Changes in the way Washington schools promote healthy eating for children have raised concerns that junk food like chips, soda and popsicles could once again creep onto school canteen menus.
The Department of Health recently awarded a $3.7 million contract to Victoria-based Nutrition Australia to provide a “whole school healthy eating program” – ignoring the WA School Canteen Association, which introduced the state government’s healthy food and drink policy in schools for the 15 last year.
While the new program is expected to continue the traffic light system that labels food choices as green for feeders, amber for occasional, or red for scrap, there are concerns that the new provider will change WA standards.
“At the school level, it could mean that the health of our children is affected because we may have some unhealthy items coming into schools that don’t currently exist,” said Megan Suzier, CEO of WASCA.
“The traffic light system is a little different in Victoria. Red foods, for example, which are sodas, lollipops and chips, are off the menu in Washington and have been off the menu since 2007, while in Victoria you are allowed to eat red foods twice a semester.”
Nutrition Australia has yet to release full details of its approach, but insists there will be no immediate changes to WA’s traffic light standards.
“We will implement the standards that the Western Australian government wants us to implement,” said Margaret Rosman, Program Manager for Healthy Eating Advisory Services at Nutrition Australia.
Ms. Suzier said the decision to ignore WASCA’s excellent track record and experience awarding the bid to an interstate organization meant its funding was down 41 percent, significantly reducing its ability to support schools and evaluate their canteen listings.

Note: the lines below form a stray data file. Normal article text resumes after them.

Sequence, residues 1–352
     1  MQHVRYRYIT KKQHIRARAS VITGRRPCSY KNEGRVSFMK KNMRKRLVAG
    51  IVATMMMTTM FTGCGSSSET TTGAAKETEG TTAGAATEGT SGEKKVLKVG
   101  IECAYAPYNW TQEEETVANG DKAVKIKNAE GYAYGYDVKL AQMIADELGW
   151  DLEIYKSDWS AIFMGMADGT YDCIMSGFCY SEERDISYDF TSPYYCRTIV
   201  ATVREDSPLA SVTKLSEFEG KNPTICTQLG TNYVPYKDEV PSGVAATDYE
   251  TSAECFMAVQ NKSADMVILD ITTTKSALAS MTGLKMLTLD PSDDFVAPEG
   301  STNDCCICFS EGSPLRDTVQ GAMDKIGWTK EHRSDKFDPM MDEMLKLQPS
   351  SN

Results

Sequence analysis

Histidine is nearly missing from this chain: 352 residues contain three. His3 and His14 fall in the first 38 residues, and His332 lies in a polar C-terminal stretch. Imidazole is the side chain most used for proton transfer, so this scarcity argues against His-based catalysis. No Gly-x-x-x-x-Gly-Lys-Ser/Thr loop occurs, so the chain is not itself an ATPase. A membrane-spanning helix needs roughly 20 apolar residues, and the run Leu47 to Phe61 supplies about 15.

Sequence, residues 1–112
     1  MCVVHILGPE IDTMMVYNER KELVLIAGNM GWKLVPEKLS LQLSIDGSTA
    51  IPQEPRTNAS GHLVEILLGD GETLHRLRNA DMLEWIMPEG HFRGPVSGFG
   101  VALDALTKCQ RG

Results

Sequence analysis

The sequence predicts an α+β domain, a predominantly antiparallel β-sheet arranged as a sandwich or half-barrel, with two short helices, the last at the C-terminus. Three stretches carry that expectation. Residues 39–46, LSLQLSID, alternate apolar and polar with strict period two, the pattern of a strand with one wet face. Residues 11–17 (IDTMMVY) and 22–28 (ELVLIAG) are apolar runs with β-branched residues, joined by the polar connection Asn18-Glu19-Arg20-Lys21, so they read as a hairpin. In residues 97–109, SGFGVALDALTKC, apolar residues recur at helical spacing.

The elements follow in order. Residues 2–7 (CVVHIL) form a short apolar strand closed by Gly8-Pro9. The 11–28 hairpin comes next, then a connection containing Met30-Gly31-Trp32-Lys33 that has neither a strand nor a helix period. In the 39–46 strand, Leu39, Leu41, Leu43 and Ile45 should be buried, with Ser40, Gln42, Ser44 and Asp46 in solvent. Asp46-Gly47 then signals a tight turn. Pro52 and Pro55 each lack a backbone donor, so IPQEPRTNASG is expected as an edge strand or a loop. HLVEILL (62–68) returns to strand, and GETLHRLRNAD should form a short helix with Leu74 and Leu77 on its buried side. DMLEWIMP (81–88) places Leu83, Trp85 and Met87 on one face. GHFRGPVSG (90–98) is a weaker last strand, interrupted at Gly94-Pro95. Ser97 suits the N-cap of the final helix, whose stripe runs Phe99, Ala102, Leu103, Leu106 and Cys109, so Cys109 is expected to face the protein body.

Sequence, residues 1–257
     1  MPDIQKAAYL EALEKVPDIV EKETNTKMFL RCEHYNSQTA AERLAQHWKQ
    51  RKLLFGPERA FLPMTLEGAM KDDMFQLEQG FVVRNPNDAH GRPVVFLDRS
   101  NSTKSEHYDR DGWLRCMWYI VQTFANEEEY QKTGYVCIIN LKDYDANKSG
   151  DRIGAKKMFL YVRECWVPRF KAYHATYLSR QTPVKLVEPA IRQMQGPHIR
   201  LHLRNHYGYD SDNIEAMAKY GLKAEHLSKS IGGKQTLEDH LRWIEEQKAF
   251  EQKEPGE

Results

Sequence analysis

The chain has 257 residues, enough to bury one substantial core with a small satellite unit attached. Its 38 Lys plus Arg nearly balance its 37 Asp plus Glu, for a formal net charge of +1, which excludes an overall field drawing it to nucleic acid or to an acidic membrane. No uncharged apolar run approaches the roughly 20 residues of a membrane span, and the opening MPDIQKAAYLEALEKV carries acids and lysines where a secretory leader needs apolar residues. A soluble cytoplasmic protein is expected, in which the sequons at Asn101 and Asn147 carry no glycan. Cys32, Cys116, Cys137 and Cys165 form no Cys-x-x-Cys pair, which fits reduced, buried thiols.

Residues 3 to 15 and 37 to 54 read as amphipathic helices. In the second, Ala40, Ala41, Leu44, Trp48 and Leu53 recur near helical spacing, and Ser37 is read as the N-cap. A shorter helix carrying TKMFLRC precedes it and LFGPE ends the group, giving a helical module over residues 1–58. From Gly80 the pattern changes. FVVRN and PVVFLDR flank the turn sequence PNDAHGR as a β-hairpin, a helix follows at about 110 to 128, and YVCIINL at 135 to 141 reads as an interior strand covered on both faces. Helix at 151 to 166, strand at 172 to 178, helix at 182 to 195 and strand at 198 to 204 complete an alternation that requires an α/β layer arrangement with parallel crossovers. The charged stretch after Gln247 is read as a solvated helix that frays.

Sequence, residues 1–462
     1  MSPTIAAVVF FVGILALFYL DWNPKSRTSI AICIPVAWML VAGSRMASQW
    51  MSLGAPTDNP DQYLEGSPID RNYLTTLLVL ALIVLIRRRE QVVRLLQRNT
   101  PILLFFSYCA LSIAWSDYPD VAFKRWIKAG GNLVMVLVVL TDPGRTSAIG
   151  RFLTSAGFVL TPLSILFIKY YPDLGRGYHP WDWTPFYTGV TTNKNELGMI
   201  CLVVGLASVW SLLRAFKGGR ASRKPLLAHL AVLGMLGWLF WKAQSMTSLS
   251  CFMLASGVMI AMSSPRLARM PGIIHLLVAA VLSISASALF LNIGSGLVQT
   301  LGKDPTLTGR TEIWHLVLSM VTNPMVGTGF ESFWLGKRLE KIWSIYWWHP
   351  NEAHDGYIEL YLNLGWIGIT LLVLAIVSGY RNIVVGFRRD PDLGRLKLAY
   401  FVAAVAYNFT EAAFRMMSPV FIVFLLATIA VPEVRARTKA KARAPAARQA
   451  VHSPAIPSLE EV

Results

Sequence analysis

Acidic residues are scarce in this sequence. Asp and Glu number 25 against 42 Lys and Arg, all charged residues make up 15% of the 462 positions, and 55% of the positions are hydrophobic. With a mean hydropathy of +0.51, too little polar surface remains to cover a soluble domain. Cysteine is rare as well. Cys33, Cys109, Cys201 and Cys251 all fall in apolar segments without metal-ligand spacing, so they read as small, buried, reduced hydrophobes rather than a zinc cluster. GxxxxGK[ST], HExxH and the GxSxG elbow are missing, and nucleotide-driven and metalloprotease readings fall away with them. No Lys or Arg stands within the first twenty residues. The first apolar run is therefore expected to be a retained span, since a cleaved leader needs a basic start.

“We look forward to seeing what is developed . . . but until this service is established, we are not sure what it will look like, and there will likely be a gap in the services that schools are used to receiving.” “Anything that overburdens the school or canteen workers is likely to have a negative impact.”
Banya Turner, chair of the Western Australian Council of Government School Organizations – the apex body of P&C groups that operates most school canteens – has written to Health Minister Amber-Jade Sanderson and Director-General of the Department of Health David Russell-Weisz to express her “disappointment at the lack of consultation,” adding: “I have concerns that support for building healthy food cultures in school communities will be less.”
Ms. Turner said the canteens were an important school service. “It is critical that they have access to expert support from people who understand WA schools and the intricacies that come from running canteens that are largely staffed by volunteers,” she said.
A spokeswoman for the Department of Health said it has conducted an open and competitive bidding process to select a program provider in accordance with Washington State Government Procurement Policy to roll out a new comprehensive school healthy eating program for all Western Australian schools – public and private.
“A new school website will be made available with resources, curriculum materials, online training, and an online menu assessment tool, as well as phone, email and face-to-face support for all school and canteen staff,” she said.
“Semesters 3 and 4 are considered transitional, while the new program is fully rolled out by the start of the 2023 academic year.”
The spokeswoman said supporting Western Australians to halt rising levels of obesity is a key priority for the department.
“Helping children form healthy eating habits while in school is an essential part of a concerted effort to help the entire Western Australian community achieve this goal,” she said.
The Education Department said the provider will need to support schools to enact healthy food and drink requirements into public school procedures.